Figure 4.32 Figure 4.33 Figure 4.34 Figure 4.35 Figure 4.36 Figure 4.37 Figure 4.38 Figure 4.39 Figure 4.40 Figure 4.41 Figure 4.42 Figure 4.43 Figure 4.44 Figure 4.45

TGA curves of PCP/organoclays at 2.5 phr The Hoffman elimination reaction mechanism TGA curves of PCP/organoclays at 5 phr TGA graphs of PCP/organoclays at 10 phr Stress relaxation curves of Cloisite 93A-filled PCP nanocomposites Rate of stress decay for Cloisite 93A-filled PCP nanocomposites Stress relaxation curves of Cloisite 25A-filled PCP nanocomposites Rate of stress decay for Cloisite 25A-filled PCP nanocomposites Stress relaxation curves of Cloisite 10A-filled PCP nanocomposites Rate of stress decay for Cloisite 10A-filled PCP nanocomposites Stress relaxation curves of Cloisite 15A-filled PCP nanocomposites Rate of stress decay for Cloisite 15A-filled PCP nanocomposites Stress relaxation curves of Cloisite 20A-filled PCP nanocomposites Rate of stress decay for Cloisite 20A-filled PCP nanocomposites

xiii

Chapter 1: Introduction

1.1

Polymer nanocomposites background

A polymer composite is a combination of a polymer matrix and a strong reinforcing phase, or filler. Polymer composites provide desirable properties unavailable in matrix or filler materials alone [1]. Polymer nano-composites are a new class of composites derived from nano-scale inorganic particles with the dimensions ranging from 1 to 100 nm. Owing to the high aspect ratio of the fillers, the mechanical, thermal, flame retardant and barrier properties of polymers may be enhanced without a significant loss of clarity, toughness or impact strength [2]. Nano-particles or fillers such as silica [3], carbon nano-tubes [4], calcium carbonate [5] and clay [6] have been used to prepare nano-composites. In the past decade, extensive research has focused on polymer nano-composites in hopes of exploiting the unique properties of materials in the nano-sized regime [7-9]. A general conclusion has been drawn that nano-composites show much improved mechanical properties over their micro-sized similar systems [10-12]. The mechanical performance of composites is mainly dependent upon the properties of the matrix and reinforcement, and their mutual interaction [13-15].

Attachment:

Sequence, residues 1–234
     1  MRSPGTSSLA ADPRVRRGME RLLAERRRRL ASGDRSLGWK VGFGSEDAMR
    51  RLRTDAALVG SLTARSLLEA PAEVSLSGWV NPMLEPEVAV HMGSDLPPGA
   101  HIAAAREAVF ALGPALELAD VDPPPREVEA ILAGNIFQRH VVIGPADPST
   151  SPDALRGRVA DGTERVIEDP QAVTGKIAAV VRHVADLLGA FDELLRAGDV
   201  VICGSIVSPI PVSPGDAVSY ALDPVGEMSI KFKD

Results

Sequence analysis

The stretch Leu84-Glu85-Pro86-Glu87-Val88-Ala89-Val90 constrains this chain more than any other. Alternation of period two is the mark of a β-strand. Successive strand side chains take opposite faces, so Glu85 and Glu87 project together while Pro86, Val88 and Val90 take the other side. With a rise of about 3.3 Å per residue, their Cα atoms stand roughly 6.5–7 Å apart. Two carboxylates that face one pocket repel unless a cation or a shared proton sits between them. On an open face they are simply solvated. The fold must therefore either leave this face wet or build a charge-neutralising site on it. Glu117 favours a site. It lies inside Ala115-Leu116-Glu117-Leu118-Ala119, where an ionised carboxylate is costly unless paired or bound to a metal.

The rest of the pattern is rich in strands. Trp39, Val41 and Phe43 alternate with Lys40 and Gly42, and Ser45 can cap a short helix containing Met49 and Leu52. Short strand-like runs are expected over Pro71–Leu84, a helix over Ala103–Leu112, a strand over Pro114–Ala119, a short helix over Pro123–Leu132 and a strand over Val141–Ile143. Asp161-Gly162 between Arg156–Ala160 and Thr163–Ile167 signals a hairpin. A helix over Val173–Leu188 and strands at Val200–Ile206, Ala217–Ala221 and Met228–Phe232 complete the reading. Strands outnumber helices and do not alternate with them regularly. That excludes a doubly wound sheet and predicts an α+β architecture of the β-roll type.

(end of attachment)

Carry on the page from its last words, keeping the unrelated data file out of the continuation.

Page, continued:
1.2

Polymer/clay nanocomposites

Polymerclay nanocomposites (PCN) are one of the important modern technologies for both scientific challenges and industrial applications because of the capability of generating new polymer properties [18]. It is known that the addition of very small amounts of clay brings about an improvement in the mechanical properties, increased gas barrier properties, reduced moisture adsorption, improved thermal stability, and superior flame/heat resistance when compared to their micro- and macrocomposite counterparts and their neat polymer matrices at very low loadings [16-22]. Clay fillers such as montmorillonite, saponite, kaolinite, mica and hectorite are the mostly used clays for the production of PCN [23]. Nylon 6/clay is the first example of such a clay nano-composite [24]. Other polymer/clay nano-composites, involving polymetric matrices such as polyamide [25], polyurethane [26], polyisoprene rubber [27], polyethylene (PE) [28], polypropylene (PP) [29], polystyrene (PS) [30], polyvinyl chloride (PVC) [31], epoxy resin [32], unsaturated polyester resin [33] and silicone elastomers [34] have been investigated. Although clay nano-composites have been prepared for many 1